The Walking Liberty Half Dollar was an instant success when it was introduced in 1916, but remains popular today due to high collector interest. Though the production of these coins was ceased before the halfway point of the 20th century, demand for them remains high as ever and only seems to intensify with each passing year.
Knowing that the supply of these coins is only diminishing, collectors do everything in their power to hunt down pieces that have been well-preserved. Of course, this is something that is much more easily said than done.
Because the 1939 Walking Liberty was minted so long ago, any prospective buyer is almost always going to immediately assess the coin’s overall condition. After decades of circulation, it goes without saying that these coins have been subjected to a lot of damage, but some much more than others.
For most people, the way to have a coin’s condition judged is to send it away for grading at the hands of a professional organization. Realizing that not everyone has the time and money to send their coins away for grading, we have provided below an outline of the major coin grades as well as their associated characteristics.
Uncirculated: If your Walking Liberty is determined to be Uncirculated, this means that it never spent any time being used to pay off debts or pay for goods. Instead, these well-preserved pieces will look little different from what they did the day they were minted. As you might have guessed, these are the coins most heavily sought after by collectors.
Extremely Fine: A coin that is graded as being Extremely Fine is one that spent some time in circulation, but was taken out before a lot of damage could be recorded. These coins will be in mostly perfect shape, but some light scratching and other small signs of imperfections will be impossible to not notice.
Fine: Fine is a middle of the road grade that is basically saying that the coin in question is not too heavily damaged, but was circulated for an extended period of time. These coins will play host to the smoothing of surfaces and some consistently light scratching. All in all, they are a great addition to any new or existing collection.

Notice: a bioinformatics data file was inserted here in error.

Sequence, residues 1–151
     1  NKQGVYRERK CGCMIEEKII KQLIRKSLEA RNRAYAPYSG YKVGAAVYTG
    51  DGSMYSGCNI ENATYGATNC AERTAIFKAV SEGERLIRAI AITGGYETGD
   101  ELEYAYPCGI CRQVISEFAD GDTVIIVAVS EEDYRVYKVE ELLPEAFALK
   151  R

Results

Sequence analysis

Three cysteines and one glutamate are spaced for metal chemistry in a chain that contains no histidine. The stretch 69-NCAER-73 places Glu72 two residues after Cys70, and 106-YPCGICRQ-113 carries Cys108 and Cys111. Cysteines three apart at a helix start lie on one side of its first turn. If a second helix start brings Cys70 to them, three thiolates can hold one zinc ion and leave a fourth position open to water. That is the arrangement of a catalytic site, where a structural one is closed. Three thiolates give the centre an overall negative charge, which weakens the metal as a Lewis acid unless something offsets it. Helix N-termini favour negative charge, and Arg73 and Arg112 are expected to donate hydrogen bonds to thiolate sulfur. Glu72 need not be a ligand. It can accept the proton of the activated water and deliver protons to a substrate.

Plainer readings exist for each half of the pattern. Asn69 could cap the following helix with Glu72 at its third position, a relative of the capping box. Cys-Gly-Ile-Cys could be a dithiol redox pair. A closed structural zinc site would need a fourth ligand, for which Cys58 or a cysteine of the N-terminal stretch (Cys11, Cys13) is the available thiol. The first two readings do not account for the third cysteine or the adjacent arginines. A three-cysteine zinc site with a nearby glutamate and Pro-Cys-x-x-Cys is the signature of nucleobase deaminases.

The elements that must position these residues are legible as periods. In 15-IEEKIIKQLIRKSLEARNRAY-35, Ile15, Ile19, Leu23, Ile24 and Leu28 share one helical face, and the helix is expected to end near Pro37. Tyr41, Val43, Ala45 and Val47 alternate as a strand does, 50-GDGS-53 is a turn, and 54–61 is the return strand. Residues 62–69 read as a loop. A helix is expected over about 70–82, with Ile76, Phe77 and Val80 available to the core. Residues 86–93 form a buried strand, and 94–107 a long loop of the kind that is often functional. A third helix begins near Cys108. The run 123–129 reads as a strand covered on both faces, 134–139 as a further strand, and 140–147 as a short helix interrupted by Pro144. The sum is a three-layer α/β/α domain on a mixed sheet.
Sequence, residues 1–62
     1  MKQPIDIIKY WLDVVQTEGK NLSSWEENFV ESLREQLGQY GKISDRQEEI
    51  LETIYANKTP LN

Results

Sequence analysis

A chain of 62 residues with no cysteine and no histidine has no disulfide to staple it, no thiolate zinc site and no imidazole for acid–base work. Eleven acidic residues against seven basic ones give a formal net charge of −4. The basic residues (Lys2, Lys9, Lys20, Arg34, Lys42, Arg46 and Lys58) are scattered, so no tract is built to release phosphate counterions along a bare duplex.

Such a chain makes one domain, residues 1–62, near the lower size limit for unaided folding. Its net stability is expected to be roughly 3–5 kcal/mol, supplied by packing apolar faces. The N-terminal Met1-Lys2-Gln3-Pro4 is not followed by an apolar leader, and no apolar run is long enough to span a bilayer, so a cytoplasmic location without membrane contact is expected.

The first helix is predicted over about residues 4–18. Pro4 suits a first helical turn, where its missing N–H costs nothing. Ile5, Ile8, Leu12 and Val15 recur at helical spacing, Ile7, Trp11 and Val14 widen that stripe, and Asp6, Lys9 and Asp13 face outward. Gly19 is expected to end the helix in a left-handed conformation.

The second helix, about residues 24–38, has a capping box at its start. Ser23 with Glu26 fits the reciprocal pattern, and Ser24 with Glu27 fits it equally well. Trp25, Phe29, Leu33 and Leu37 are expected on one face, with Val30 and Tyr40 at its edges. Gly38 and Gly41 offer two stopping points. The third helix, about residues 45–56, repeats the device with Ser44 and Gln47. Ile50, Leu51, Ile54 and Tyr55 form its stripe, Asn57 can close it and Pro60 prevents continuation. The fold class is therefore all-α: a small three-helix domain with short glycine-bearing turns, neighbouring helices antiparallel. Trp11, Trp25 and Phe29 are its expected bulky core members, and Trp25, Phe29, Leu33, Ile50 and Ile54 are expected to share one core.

Good: If the coin in question is graded as being Good, this means that is in pretty rough shape. These coins will have had their surfaces almost completely smoothed, and there will be plenty of scratching and chipping beyond that. For someone who is looking to complete a full collection, this may be the most affordable way in which to do so.
For a coin like the Walking Liberty Half Dollar, the best way to determine price is to take into consideration a few different factors. For one, because there were multiple types of this coin minted every year, the exact type of coin and its related scarcity will very heavily play into the price you pay. Secondly, condition means everything when it comes to these coins so it goes without saying that the condition the coin is in will also directly influence the asking price. Below is a chart aimed at giving you a better idea of what you can expect to pay for one of these coins given its condition and type.
1939 Walking Liberty Half Dollar
|1939 Walking Liberty Half Dollar||$13||$16||$18||$26|
|1939 Walking Liberty Half Dollar (D)||$13||$16||$18||$25|
|1939 Walking Liberty Half Dollar (S)||$13||$16||$26||$70||Source: Red Book|